Nutrition is integral to optimal health and can help treat and manage diseases that threaten the body. Mushrooms come in various shapes, sizes, and colors and have been used for their unique ability to add flavor and taste without sodium or fat. They are also healthy and tasty and contain various vitamins and minerals. Different mushrooms can provide distinct health benefits that can be increased brain function, help with hormonal balance, and as an antioxidant.
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Research continues to uncover how mushrooms can improve everyday health and help mitigate the risk of developing health conditions like Alzheimer’s, heart disease, cancer, and diabetes. Mushrooms are recommended because they are:
- Low in sodium
- Packed with fiber
Nutritional benefits vary depending on the type of mushroom.
- Mushrooms are rich in B vitamins: riboflavin, niacin, and pantothenic acid, which help maintain heart health. Riboflavin supports red blood cells. Niacin assists the digestive system and helps keep healthy skin. Pantothenic acid supports nervous system function and helps the body make necessary hormones.
- They are a great source of minerals – Selenium, Copper, Thiamin, Magnesium, and Phosphorus. Copper helps the body create red blood cells to deliver oxygen and maintain healthy bones and nerves. Potassium supports heart, muscle, and nerve function.
- Antioxidants help protect the body from damaging free radicals that can cause heart disease and cancer. They also protect against damage from aging and increase immune system function.
- Beta-glucan is a soluble dietary fiber linked to improved cholesterol levels and supports heart health. It helps the body regulate blood sugar, which helps reduce the risk of type 2 diabetes.
Cordyceps increases energy levels by utilizing oxygen more efficiently and enhancing circulation. This can be especially helpful for athletes or individuals who regularly work out and has been shown to improve exercise and athletic performance and speed up muscle recovery.
This mushroom has benefits that are particularly good for the heart, as they contain phytonutrients, which aid in:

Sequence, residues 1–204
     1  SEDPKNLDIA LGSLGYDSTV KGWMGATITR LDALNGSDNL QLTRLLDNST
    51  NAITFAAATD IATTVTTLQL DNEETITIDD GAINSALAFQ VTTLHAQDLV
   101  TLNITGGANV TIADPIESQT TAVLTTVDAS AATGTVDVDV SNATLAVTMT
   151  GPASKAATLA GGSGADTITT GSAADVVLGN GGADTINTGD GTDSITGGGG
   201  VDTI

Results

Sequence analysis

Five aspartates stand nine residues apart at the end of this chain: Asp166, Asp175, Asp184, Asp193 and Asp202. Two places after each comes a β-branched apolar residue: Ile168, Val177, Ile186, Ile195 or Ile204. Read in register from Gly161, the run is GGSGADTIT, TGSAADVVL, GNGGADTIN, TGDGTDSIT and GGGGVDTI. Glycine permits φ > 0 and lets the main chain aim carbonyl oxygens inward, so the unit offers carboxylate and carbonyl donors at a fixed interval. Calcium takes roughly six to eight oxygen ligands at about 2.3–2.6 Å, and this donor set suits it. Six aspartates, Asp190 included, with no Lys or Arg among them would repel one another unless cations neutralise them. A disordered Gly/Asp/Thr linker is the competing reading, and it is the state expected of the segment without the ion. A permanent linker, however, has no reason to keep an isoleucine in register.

- Preventing plaque buildup
- Maintaining blood pressure
- Maintaining circulation
- Lowering cholesterol
Chaga mushrooms are full of antioxidants, making them excellent for fighting free radicals and inflammation. This mushroom combats oxidative stress, inflammation, and aging. And it can help prevent or slow cancer growth and has been found to help lower low-density lipoprotein – LDL cholesterol.
Mushrooms are almost always available in the produce section of any grocery or health food store. Make sure to wash them thoroughly first. Example: Cremini mushrooms can be:
- Eaten raw or cooked, sliced or unsliced.
- Simmered in water for 5 minutes until soft
- Sauteed – cook the mushrooms in a pan with olive oil on medium heat for eight minutes, frequently stirring until they brown at the edges.
- Sprinkled raw over meals to add more texture and flavor.
Ways to add mushrooms to a nutrition plan:
- With eggs in the morning.
- Mix into cooked beef, chicken, or turkey.
- Cook mushrooms with garlic and butter for a side dish.
- Add to a stir-fry with other vegetables.
- Add to homemade pizza.
- As an ingredient in pasta sauce.
- Add to salads.
- Make cream of mushroom soup.
Always talk to a doctor, nutritionist, or dietician before to confirm whether adding mushrooms is safe, especially if pregnant or using medications, as certain mushrooms can cause side effects like an upset stomach or allergies.
Food as Medicine
Fukushima, M et al. “Cholesterol-lowering effects of maitake (Grifola frondosa) fiber, shiitake (Lentinus edodes) fiber, and enokitake (Flammulina velutipes) fiber in rats.” Experimental biology and medicine (Maywood, N.J.) vol. 226,8 (2001): 758-65. doi:10.1177/153537020222600808
Kabir, Y et al. “Effect of shiitake (Lentinus edodes) and maitake (Grifola frondosa) mushrooms on blood pressure and plasma lipids of spontaneously hypertensive rats.” Journal of nutritional science and vitaminology vol. 33,5 (1987): 341-6. doi:10.3177/jnsv.33.341
Kolotushkina, E V et al. “The influence of Hericium erinaceus extract on myelination process in vitro.” Fiziolohichnyi zhurnal (Kiev, Ukraine : 1994) vol. 49,1 (2003): 38-45.
Ma, Gaoxing, et al. “Health benefits of edible mushroom polysaccharides and associated gut microbiota regulation.” Critical reviews in food science and nutrition vol. 62,24 (2022): 6646-6663. doi:10.1080/10408398.2021.1903385
Rop, Otakar, et al. “Beta-glucans in higher fungi and their health effects.” Nutrition reviews vol. 67,11 (2009): 624-31. doi:10.1111/j.1753-4887.2009.00230.x
Tuli, Hardeep S et al. “Pharmacological and therapeutic potential of Cordyceps with special reference to Cordycepin.” 3 Biotech vol. 4,1 (2014): 1-12. doi:10.1007/s13205-013-0121-9
Venturella, Giuseppe, et al. “Medicinal Mushrooms: Bioactive Compounds, Use, and Clinical Trials.” International journal of molecular sciences vol. 22,2 634. 10 Jan. 2021, doi:10.3390/ijms22020634
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